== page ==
Wednesday, 16 February 2011

Its behind me

Lewisham Concert Hall, 1976 or 1977.

In the afternoon, Mummy and Daddy take me to Lewisham. Not to the shops to buy things, but to a big building that I don't know. There are lots and lots of other people there, boys and girls and grown-ups. We have to show some bits of paper to a lady and then we go through a room where lots of people are standing up, and then Daddy shows the same bits of paper to another lady who is standing at the doors of another room.

The next room is very big, bigger than church, but more dark and more warm. It is full of chairs in rows, flippy chairs made out of rough grey fur, that feel like the chairs on trains, but with numbers on them. All the chairs are on a big staircase, so that each row is higher than the one in front of it. We are at the very top of all the chairs. Mummy sits next to me, looks at me, and smiles. It is very noisy in here, but I am glad that I have my own seat and that Mummy and Daddy are here.

At the bottom of all the stairs is a gigantic curtain. I don't know what is going to happen next. After a long while, people stop coming in and sitting down, and the lights are switched off, apart from the green ones that say 'EXIT'. The curtain moves up. Most of the boys and girls stop making a noise, grown-ups tell them to 'Shhh!'.

Behind the curtain is a big flat wooden floor, that is all lit up. This big space has had things put on it to make it look like a room. You can tell that it's supposed to be like a room, because there are flat boards that have been painted really well, to make them look like walls and fences. The room has two chairs and a table, and a treasure chest in the corner.

Two men are in the pretend room. One of them is old, and the other is supposed to be a boy, although he looks grown-up to me. They talk to each other.

(This is like being in somebody else's house. Although lots of people are sitting on seats with us in the dark, the pretend room is more important because the lights are on there and the man and the boy there are talking.. I like watching this make-believe.)

The old man looks after the boy. He tells the boy how poor they are. He also tells the boy that the most important thing is that he must NEVER open the chest, because then bad things will happen to them.

Some of the grown-ups and bigger children laugh when the boy is talking. I don't know why.

The old man and the boy leave the room. The lights in the room go dark so we know that it is now night and after bedtime. The boy goes back into the room, in a nightshirt and a cap - like children wear in books - and carrying a lamp. He goes up to the chest.

(He can't do that!)

He hears a noise and goes away.

(I'm glad that he stopped because he can't open the chest!)

He goes back up to the chest and opens it.


Light bursts out of the chest and loud music suddenly starts.


I'm very frightened. I cry and howl. Mummy and Daddy don't understand why. They tell me to stop. But the boy did a bad thing, and he knew that he shouldn't! I'm frightened.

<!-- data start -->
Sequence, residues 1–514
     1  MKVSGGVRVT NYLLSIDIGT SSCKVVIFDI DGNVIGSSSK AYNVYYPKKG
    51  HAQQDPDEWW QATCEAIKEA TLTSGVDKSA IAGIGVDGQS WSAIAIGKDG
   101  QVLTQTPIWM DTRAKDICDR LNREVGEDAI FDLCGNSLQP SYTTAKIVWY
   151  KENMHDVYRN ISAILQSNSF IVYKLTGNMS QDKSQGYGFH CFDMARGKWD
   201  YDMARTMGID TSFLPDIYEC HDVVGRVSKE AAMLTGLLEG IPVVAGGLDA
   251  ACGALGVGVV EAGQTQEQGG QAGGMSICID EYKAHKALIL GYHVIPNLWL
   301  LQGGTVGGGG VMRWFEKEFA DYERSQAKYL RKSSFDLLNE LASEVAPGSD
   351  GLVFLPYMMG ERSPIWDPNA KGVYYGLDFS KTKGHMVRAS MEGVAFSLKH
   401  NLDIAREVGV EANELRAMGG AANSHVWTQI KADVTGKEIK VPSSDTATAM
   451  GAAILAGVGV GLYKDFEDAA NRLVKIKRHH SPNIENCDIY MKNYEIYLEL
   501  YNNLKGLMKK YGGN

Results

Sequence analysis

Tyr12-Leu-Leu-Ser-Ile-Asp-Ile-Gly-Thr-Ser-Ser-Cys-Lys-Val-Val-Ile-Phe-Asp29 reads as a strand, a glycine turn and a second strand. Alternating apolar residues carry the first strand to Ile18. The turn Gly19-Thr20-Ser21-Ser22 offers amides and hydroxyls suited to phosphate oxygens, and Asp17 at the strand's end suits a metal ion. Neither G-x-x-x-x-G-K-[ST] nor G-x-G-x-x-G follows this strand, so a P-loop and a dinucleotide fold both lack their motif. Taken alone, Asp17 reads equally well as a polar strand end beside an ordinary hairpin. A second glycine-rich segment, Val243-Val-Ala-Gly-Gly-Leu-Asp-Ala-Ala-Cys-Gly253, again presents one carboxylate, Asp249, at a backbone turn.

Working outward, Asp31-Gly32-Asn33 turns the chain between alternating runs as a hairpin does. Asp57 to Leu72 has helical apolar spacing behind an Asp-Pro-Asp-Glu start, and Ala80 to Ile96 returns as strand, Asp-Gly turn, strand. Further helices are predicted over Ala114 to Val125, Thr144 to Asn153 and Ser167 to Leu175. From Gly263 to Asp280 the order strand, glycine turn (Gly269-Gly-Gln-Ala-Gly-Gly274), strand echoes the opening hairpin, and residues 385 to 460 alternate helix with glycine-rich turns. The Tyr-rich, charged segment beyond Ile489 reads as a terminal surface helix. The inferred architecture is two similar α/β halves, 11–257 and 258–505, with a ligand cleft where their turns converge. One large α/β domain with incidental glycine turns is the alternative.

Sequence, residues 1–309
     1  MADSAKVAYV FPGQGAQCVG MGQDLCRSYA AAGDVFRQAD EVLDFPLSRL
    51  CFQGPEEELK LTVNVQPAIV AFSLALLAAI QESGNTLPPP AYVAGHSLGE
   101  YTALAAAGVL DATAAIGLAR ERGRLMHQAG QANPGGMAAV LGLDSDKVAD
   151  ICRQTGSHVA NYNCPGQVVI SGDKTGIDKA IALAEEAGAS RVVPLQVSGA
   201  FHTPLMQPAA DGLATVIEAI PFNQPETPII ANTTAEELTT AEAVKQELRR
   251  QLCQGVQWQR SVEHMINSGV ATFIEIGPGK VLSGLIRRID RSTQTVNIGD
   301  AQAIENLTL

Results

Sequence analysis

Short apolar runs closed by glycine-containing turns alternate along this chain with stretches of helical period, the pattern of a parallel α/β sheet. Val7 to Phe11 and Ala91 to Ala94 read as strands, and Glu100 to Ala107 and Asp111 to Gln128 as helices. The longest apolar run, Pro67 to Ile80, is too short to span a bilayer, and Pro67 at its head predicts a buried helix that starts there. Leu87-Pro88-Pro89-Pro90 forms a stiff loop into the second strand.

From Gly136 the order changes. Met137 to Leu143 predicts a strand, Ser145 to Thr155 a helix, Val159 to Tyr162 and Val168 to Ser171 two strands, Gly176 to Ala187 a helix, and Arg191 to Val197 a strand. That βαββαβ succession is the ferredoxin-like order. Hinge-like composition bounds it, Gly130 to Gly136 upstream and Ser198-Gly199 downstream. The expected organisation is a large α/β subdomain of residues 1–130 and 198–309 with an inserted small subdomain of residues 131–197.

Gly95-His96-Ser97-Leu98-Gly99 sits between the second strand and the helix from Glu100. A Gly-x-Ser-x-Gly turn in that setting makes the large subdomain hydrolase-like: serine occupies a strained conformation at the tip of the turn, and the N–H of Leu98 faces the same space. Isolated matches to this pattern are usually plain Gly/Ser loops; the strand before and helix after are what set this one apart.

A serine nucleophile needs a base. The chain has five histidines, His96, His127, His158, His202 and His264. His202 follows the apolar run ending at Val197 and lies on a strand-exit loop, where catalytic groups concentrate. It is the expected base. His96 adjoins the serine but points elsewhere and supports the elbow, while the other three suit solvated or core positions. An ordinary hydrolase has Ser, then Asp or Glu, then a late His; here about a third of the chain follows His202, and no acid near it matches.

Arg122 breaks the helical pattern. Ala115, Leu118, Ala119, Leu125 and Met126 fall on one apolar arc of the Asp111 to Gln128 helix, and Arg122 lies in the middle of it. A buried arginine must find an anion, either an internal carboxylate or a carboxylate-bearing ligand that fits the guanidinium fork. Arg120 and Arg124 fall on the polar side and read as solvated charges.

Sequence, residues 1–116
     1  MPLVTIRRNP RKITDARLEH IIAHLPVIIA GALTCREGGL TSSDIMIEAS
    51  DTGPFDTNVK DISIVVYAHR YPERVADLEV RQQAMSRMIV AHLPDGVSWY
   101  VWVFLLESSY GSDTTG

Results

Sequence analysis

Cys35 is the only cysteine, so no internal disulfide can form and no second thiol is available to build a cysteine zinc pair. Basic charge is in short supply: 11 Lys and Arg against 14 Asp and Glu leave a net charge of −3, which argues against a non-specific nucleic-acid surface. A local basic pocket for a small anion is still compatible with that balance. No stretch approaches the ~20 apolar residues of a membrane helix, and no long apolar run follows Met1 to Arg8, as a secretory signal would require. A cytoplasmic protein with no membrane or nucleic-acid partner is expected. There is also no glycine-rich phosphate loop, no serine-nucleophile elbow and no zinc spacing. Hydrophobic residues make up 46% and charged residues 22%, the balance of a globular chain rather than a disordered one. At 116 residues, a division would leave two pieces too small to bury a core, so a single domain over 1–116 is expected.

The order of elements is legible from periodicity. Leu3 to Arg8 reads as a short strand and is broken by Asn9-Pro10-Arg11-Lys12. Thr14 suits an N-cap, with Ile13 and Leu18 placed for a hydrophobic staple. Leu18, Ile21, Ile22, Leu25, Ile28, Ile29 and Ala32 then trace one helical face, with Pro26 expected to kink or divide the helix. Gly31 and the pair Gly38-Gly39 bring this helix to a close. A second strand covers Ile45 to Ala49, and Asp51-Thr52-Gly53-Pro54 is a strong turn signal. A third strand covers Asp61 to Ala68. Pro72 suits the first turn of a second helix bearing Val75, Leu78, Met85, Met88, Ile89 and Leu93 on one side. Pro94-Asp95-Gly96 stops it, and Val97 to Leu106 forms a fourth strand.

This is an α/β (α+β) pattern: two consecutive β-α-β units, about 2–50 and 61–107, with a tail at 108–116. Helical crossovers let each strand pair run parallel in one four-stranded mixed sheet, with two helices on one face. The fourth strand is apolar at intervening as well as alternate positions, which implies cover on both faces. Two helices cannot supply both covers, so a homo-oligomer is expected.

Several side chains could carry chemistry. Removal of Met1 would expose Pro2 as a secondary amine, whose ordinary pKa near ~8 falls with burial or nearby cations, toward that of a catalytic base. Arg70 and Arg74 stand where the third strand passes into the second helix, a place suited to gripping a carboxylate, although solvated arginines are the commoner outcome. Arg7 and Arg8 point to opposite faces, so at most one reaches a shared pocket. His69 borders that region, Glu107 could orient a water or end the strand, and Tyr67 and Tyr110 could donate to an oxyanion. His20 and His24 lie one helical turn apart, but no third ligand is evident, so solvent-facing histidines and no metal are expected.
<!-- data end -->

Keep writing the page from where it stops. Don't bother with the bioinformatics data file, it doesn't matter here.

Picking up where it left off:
The other people on the seats aren't crying. Strangers shhh me. I don't stop crying. But I'm not being bad - the boy was being bad! It's not fair!

Mummy and Daddy tell me to look at what's happening. The make-believe room has gone. Now there are pretend trees and ladies in bright dresses and men dressed up as soldiers and singing. But I don't understand what's happening any more! I know that the boy did a bad thing! I'm scared and I don't understand. I cry some more.

One of the men dressed up as a soldier has a red face and shouts a lot, and the people sitting on the seats around us laugh when he shouts. This man is the same as a man on the television who has a red face and dresses up as a soldier and shouts at some other soldiers. He says something about me - how we don't like cry babies who spoil things, do we boys and girls?

This makes me cry some more, and shriek. I'm being told off now! But it was the boy who opened the chest who was being naughty, not me!

A long time later, the curtain goes down again and the lights come back on the seats. I've stopped crying, but I feel tired and my head and my neck hurt. At the bottom of the steps, some of the ladies who wear smart clothes and open doors are standing, and boys and girls are climbing out of their seats to go up to them.

Daddy tells me to go down there too. They are giving sweets away to boys and girls!

(But that's not what happens. You have to buy sweets in a shop. Strangers don't give you sweets)

Go down there - They are giving children sweets.

(No no. I can't do that. That isn't what happens to me. People are cross with me. The man told me off...)

I don't know what to do now. If I go down - which Mummy and Daddy want me to do - those people might tell me off, but if I don't then I won't get any sweets.

After a long time, I do go down and try to ask for some sweets.

The lady tells me that I'm too late and that we've run out of sweets now.

I climb back up to my seat. I knew that would happen.

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